Play Me the Song of Death with Charles Bronson

"Spiel mir das Lied vom Tod" was a huge hit in Europe. Copyright: Paramount Pictures

Bronson now strung one hit after the next in Europe. Flicks like "The One Who Came in Out of the Rain" (1970) presented a completely new Charles Bronson, even earning Golden Globes, but still no one in the U.S. wanted to know anything about him.

The breakthrough to worldwide superstardom

In 1972 Charles Bronson met the director Michael Winner. The filmed with Bronson "Chatos Land" and "Cold Breeze" (both 1972). These finally aroused the curiosity of distributors in the USA again. Charles Bronson was on the winning track. Almost at the same time as Winner, he met the producer Dino de Laurentiis. He made Italian versions of big US hits with Bronson. In 1972, for example, "The Valachi Papers", which was clearly riding the bow wave of "The Godfather". And hit the box office big time.

It was Laurentiis who agreed to produce the controversial script for "Death Wish" aka "A Man Sees Red", which was rejected by many producers. Michael Winner acted as director. Charles Bronson as "Hero". And the superhit was ready. The countless discussions about the film made it a huge box office hit. And Charles Bronson had achieved what he had dreamed of for so long: in 1974, at the age of 53, he was finally THE superstar in the USA.

Charles Bronson as Paul Kersey

The role of Paul Kersey in "A Man Sees Red" made Bronson famous in America as well. Copyright: Studiocanal

In the following Charles Bronson could choose his projects. "The Man Without Nerves" (1975), "A Man of Steel" (1954) or "Telephone" (1977) worked brilliantly at the box office. But Charles Bronson faced several major problems. He was very quickly pinned down to one type of role and made no great effort to break out of it and develop further. He proved to be partly not very choosy about his projects and looked more at the money to be made than the quality of the scripts. Last but not least, he was considered difficult on the set. The long road to success had made him bitter. He often withdrew, spoke little.

The real creatives of Hollywood began to shun him and he very often worked with the same directors. Many of them rather craftsmen who learned to put up with his whims. Bronson himself was not bothered by these problems. He lovingly took care of his family and wanted to offer them a life he never had. Eight of them (three children from Jill Ireland's first marriage, two children from Charles Bronson's first marriage and a daughter together) were living the Bronson family life to the full. In 1983 Ireland and Bronson adopted another daughter.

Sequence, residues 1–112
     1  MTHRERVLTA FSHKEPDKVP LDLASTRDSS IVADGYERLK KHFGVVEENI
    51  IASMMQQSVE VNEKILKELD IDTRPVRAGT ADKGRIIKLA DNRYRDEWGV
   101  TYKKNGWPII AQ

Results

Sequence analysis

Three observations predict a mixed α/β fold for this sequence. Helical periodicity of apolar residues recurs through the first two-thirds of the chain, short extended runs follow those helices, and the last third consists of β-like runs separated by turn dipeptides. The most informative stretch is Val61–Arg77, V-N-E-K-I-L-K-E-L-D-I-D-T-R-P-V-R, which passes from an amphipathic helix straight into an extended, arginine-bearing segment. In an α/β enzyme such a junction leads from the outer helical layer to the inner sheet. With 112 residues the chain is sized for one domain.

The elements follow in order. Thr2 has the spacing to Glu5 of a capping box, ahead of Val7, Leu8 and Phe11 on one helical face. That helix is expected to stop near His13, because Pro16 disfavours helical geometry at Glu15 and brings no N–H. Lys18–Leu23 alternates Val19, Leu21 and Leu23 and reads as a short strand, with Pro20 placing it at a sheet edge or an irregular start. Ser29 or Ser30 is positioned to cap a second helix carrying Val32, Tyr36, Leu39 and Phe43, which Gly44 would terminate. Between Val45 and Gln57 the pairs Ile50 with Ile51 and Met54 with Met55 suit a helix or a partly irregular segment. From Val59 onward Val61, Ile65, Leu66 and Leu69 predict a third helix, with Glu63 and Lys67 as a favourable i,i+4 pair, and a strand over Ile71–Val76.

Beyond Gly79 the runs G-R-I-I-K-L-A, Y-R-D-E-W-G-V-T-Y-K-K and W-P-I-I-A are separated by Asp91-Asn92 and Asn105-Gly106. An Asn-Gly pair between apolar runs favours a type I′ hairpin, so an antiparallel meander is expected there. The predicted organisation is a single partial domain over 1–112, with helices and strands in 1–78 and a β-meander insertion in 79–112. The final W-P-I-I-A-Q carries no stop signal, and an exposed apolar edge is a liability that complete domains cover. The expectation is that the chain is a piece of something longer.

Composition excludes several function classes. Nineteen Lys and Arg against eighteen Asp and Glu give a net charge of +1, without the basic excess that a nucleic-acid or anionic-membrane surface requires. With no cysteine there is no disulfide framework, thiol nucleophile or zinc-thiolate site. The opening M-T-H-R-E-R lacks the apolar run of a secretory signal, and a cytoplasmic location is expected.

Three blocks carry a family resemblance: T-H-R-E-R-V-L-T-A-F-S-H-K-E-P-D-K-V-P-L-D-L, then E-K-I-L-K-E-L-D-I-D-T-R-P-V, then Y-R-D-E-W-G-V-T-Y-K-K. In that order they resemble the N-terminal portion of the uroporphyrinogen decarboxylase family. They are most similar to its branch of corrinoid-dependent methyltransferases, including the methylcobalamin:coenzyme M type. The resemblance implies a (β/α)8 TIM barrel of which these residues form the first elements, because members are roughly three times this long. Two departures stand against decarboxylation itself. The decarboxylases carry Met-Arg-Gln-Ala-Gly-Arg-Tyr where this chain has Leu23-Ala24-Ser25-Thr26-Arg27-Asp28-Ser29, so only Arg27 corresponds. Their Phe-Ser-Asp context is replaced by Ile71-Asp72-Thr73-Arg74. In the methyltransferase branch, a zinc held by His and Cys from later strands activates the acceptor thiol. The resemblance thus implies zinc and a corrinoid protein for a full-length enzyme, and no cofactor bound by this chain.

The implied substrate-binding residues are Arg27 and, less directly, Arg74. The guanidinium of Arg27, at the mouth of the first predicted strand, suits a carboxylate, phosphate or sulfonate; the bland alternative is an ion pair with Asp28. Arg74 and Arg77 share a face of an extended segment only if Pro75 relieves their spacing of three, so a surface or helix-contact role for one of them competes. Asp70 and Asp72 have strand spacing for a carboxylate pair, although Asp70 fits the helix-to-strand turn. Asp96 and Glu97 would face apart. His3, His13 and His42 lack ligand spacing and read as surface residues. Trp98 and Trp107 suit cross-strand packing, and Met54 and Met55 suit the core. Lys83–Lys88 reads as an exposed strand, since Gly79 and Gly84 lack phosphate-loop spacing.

Cold Breeze aka The Mechanic action scene

Where Bronson was on it, there was always Bronson in it. As in "Cold Breeze". Copyright: Eurovideo

*Dumb Stupid* – The Cannon Era of Charles Bronson

At the beginning of the 80s, Menahem Golan and Yoram Globus made sure that Bronson did not have to worry about his problems. The two Israelis were looking for exclusive stars for their independent studio Cannon and were accordingly prepared to dig deep into their pockets for them. Bronson did not fully commit to Cannon, but committed to several collaborations.

Charles Bronson in the TV movie Punishment

Movies like "Punishment" let Bronson's fame fade more and more. Copyright: Splendid/WVG

The first, "Death Wish 2," simply pumped up its predecessor for more sex and violence and hit the box office decently in 1982. "Death Wish 3" (1985) had a similar experience. Further Cannon works such as "Death Wish 4", "A Man Like Dynamite" or "Murphy's Law" could not repeat this success, but ran like hot cakes in the increasingly strong video stores.

The lone wolf says goodbye

In the Cannon era, Charles Bronson took time off again and again. He stood by his cancer-stricken wife Jill Ireland, whom he had incidentally supplied with roles in his films again and again. This one lost her long fight against the disease in 1990. A year later, Charles Bronson gave one of his most sensitive performances ever in Sean Penn's directorial debut "Indian Runner". But Bronson, who is now 70 years old, could not take the new momentum with him.

In 1994 he ended his cinema career with "Death Wish 5". A massive box office disaster. For TV he made three more movies around the "Family of Cops" and also said goodbye here in 1999. Privately, the actor experienced some more happiness when he remarried in 1998. But just as the star disappeared from all the screens, his own memory of his great times also disappeared. Charles Bronson had Alzheimer's disease in the late 1990s. On 30. August 2003, probably the most famous mustache of action cinema died as a result of pneumonia.